The Prairie Spy

Alan “Lindy” Linda

Over the years, as fate has provided me with many and varied situations in which I had to make a choice between which to do, which to say, which to eat, which to write, I’ve accumulated some information.

The information I’ve collected generally involves what someone else has said to me, as which ever action I’ve chosen, when confronted with the need to choose, has backfired on me.

This information isn’t limited to things I’ve physically done, as those of you know who remember my story about being sandwiched into an airplane seat between two people who, shall we say, were bigger than me. For the most part here, I’ll stick to stuff I’ve done, as opposed to stuff I’ve said.

Setting myself on fire as a result of a  bad action has turned out to be less painful overall than lighting the flames with my words.

First, let’s say you’re the husband who welcomes his wonderful wife just back from a shopping trip. She is wearing some new clothing which she has obviously just purchased. She strikes a pose, to display her new self in her new clothes, and asks him: “How do I look?”

Most men who have survived the initial decade of marriage understand that she isn’t after the words which he replies to her: “Well, honey, you don’t look too bad.”

You see, the problem here isn’t necessarily one involving the English language so much as it is involving the State of Minnesota and how we speak here, where the climate has knocked off all our optimistic edges, leaving those who survive wary about everything.

Including using too much enthusiasm, no matter whether it involves baling hay, or complimenting someone. “You don’t look too bad” is truly a pretty extreme thing for a Minnesotan to say. In fact, it’s the equivalence of a speedometer that says you’re going a hundred miles an hour.

Unfortunately, when a Minnesota man speaks to a woman, it’s, well, a hundred miles an hour to him but stuck in a muddy rut for her. He’s in trouble.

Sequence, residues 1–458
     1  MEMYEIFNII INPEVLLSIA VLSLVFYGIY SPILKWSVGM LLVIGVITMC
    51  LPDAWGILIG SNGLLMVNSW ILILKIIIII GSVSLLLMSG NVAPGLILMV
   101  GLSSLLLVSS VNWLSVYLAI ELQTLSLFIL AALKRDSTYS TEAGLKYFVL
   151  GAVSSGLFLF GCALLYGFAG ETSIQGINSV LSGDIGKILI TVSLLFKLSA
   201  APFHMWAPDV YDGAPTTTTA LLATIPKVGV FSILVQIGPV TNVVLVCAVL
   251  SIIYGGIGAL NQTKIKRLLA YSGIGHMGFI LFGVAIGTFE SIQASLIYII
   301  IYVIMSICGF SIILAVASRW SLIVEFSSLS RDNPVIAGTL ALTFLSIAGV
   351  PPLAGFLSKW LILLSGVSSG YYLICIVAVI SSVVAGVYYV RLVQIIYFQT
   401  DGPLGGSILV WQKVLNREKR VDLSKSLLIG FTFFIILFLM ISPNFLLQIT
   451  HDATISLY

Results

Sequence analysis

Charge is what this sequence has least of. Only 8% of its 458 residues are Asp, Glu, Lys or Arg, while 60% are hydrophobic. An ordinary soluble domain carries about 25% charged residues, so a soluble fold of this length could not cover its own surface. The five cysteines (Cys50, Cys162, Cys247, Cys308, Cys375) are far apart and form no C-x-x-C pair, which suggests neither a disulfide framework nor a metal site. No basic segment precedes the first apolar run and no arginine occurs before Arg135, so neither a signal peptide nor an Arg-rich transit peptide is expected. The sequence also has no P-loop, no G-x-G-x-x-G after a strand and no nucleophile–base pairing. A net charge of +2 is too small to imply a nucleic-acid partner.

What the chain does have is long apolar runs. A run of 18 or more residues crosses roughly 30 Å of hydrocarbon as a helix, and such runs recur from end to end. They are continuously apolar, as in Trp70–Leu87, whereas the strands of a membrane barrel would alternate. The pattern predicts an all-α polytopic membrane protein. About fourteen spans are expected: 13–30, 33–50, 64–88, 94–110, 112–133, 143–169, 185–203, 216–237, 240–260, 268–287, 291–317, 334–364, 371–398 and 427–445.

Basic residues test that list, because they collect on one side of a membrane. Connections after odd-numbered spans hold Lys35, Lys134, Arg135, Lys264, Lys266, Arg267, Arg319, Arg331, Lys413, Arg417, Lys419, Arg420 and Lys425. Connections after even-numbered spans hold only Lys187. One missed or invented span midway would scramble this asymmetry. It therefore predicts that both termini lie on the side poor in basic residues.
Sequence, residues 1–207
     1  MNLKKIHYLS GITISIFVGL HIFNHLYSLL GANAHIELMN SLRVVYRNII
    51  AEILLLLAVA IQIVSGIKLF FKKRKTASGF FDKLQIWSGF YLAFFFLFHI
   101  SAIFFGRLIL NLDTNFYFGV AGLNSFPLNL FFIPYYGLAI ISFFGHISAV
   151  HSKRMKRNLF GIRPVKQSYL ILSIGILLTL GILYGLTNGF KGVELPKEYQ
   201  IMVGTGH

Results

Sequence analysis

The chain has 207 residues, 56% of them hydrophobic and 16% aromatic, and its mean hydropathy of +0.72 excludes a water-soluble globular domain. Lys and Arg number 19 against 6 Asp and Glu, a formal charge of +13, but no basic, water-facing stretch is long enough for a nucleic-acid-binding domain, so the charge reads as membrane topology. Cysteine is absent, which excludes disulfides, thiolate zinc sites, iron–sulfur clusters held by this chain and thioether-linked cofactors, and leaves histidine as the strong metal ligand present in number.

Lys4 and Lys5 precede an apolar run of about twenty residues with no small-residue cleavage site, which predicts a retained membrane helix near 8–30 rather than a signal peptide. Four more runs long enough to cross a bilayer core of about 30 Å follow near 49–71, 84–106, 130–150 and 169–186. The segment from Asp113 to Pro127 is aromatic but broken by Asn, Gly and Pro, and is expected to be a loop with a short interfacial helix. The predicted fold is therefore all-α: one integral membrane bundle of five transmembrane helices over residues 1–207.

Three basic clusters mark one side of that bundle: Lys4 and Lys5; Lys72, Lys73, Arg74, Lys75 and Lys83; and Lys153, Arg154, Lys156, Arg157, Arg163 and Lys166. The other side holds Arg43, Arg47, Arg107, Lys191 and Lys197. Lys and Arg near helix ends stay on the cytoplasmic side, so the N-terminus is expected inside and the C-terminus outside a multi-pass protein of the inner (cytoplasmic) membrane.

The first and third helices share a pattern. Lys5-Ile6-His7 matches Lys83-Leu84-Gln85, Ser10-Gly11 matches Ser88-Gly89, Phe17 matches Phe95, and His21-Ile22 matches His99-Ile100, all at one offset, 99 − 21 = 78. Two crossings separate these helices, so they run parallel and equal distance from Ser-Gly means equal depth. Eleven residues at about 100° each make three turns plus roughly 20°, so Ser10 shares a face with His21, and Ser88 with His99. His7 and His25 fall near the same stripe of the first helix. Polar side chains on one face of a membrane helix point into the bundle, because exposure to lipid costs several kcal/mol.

There are other replies available to him. Mostly they’re even worse. For example, she could have asked him how she looked, and he could have said: “Well, I’ve seen you looking worse.”

In the world of double speak, I think that’s a positive negative. Regarding a criticism of what he just said, one could comment on it by saying to the husband: “I don’t think you could have done any better.” Or he could have said to his wife: “I don’t think you could have bought anything any prettier, honey.”

Oooof da.Talk about positive negatives, there you have an example of a positive double negative. “You” couldn’t do any better, or “There wasn’t any clothing any better.” 

Moving on here, I remember my old high school football coach saying to me, after I had begged and begged him to let me run a kickoff back, and had ended up under the biggest pile of opposing players ever seen that night: “That could have gone better.” This is an example of a criticism disguised as a compliment. There is no hint here of a positive negative, it is a straightforward honest entry-level least-offensive most-neutral “coachey” thing he could have said. He could have left it there, where I had to agree with it, but no. Then he said: “Good idea; poor execution.”

Again, hiding criticism behind the truth by buttering it up first is an old Minnesota trick.

One of the first jobs I had after electronics school placed me at the Mayo Clinic in Rochester, Minnesota, involved in the rerouting of incoming messages via Western Union telegraph wires. Three of us had rewired the incoming messages to what I remember as about a hundred teletypewriters, all of which were busy clicking and clacking and printing out all sorts of stuff that huge hospitals need. It was time to apply voltage to the new section we had installed. That in turn involved shutting down what was working so that 240 volts could be connected.

Shutting everything down was not good. “Aw, heck,” I told the foreman, “I can hot wire that, easy.” I crawled into a pretty crowded tunnel of wires, and carefully stripped some wires, peeled back some insulation on the 240-volt hot wires, and was almost done when the ground wire flopped over into a hot one. There was a blinding flash of light, and all the clicking and clacking of the typewriters ceased. Boy, it was really quiet.

I finished the wiring, crawled out, we found the breakers, got everything back on. The foreman looked at me and said: “I didn’t think what happened would be this.” This is an example of what I call “open-ended” Minnesota nice. It leaves you to fill in the blanks yourself.

Good parents are masters of this kind of nice. Dad was good at this style. His version involved him looking at you after he had driven a tractor in winter weather a mile to pull your stupid self out of a snowbank: “At least,” he would say, “you know whose fault this is,”

The snowbank’s? The township snow plow’s?